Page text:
Director, Citizen Science Program; Visiting Assistant Professor of Biology
Primary Academic Program: Citizen Science
Academic Program Affiliation(s): Biology
Amy received her B.S. from the University of Connecticut, with a double major in Pathobiology and Animal Science. She then earned an M.S. from the University of Florida College of Veterinary Medicine, where her research focused on vector-borne parasites of birds. Upon graduation she applied this training in Hawaii, where avian malaria is driving native Hawaiian honeycreeper species to extinction. Returning to Connecticut, she earned her Ph.D. from Yale University. Amy’s postdoctoral training at Yale expanded upon her dissertation research, investigating the transmission biology of Trypanosoma brucei.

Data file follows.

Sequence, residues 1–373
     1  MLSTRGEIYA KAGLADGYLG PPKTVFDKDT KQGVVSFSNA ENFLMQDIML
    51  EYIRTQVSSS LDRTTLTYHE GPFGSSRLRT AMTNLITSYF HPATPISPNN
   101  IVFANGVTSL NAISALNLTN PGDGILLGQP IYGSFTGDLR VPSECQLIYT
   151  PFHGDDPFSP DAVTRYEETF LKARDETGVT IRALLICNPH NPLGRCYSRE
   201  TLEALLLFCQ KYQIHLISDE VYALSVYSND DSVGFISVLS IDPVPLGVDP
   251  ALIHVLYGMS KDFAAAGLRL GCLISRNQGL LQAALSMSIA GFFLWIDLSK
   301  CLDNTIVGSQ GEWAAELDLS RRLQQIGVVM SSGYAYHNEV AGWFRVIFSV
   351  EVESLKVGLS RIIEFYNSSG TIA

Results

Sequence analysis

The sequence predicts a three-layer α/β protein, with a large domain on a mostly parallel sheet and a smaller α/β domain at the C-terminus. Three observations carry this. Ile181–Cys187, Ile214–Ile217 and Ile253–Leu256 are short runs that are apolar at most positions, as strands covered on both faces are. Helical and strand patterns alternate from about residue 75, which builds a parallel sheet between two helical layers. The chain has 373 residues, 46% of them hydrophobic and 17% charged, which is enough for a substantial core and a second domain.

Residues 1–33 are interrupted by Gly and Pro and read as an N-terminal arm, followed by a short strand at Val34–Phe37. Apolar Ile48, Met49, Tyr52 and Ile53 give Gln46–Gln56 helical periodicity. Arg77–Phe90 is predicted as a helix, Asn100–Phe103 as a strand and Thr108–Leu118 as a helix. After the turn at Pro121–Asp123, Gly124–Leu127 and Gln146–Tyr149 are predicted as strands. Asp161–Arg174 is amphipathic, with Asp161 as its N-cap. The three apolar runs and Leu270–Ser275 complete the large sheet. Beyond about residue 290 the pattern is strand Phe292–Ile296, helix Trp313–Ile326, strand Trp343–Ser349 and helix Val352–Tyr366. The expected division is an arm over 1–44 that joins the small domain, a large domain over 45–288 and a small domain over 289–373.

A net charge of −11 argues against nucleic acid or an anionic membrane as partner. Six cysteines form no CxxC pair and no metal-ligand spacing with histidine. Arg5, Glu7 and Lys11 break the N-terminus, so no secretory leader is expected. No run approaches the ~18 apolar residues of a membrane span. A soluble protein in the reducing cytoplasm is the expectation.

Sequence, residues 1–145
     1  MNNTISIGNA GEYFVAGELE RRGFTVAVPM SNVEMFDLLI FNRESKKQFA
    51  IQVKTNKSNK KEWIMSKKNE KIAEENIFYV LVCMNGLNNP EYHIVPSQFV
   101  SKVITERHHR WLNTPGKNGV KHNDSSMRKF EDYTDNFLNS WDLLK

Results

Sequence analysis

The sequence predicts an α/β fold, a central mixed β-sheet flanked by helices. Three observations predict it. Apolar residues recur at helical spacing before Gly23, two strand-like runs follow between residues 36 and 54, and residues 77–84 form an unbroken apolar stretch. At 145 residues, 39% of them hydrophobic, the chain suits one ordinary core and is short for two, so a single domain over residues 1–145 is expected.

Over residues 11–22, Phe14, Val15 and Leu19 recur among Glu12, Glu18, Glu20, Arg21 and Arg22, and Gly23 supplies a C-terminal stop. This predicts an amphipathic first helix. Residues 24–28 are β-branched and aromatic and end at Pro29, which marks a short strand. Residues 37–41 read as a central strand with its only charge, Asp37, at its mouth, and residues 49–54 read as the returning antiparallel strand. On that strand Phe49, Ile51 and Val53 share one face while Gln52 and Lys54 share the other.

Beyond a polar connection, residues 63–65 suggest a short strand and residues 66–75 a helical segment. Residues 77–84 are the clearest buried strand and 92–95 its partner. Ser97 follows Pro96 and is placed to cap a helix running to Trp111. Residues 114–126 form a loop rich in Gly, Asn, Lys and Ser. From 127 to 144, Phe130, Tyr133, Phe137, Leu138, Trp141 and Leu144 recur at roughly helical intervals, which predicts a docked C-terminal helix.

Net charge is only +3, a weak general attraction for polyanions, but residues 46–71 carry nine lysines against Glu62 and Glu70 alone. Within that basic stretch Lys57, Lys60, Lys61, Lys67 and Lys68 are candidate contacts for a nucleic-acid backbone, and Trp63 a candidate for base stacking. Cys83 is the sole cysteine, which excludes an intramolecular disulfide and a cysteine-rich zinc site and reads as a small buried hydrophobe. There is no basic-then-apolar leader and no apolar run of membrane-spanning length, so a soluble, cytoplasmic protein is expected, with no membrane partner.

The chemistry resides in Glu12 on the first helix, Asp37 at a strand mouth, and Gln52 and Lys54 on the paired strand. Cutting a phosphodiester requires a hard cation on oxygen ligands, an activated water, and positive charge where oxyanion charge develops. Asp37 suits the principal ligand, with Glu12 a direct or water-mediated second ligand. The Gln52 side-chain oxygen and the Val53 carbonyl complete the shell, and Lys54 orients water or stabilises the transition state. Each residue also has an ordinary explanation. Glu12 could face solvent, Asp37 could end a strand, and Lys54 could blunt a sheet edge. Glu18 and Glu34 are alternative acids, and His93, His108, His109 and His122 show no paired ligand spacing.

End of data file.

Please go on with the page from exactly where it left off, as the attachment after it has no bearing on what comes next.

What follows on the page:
This parasite causes a fatal disease of humans and animals in sub-Saharan Africa. It is transmitted by the bite of the tsetse fly. No vaccines presently exist. Amy’s work focused on how the parasite residing in the fly becomes transmissible to the human host, and what happens to the parasite in the critical initial days after that transmission. This work also included the identification and testing of potential targets for the first vaccine for this disease. Further, through her collaborations both within and outside of the lab, Amy has investigated the impact of parasitism on bacterial symbionts residing in the fly as well as on the tsetse host transcriptome. Finally, recent work examined the role of fly tissues in bacterial and parasitic pathogen invasion of tsetse. At Bard since 2012.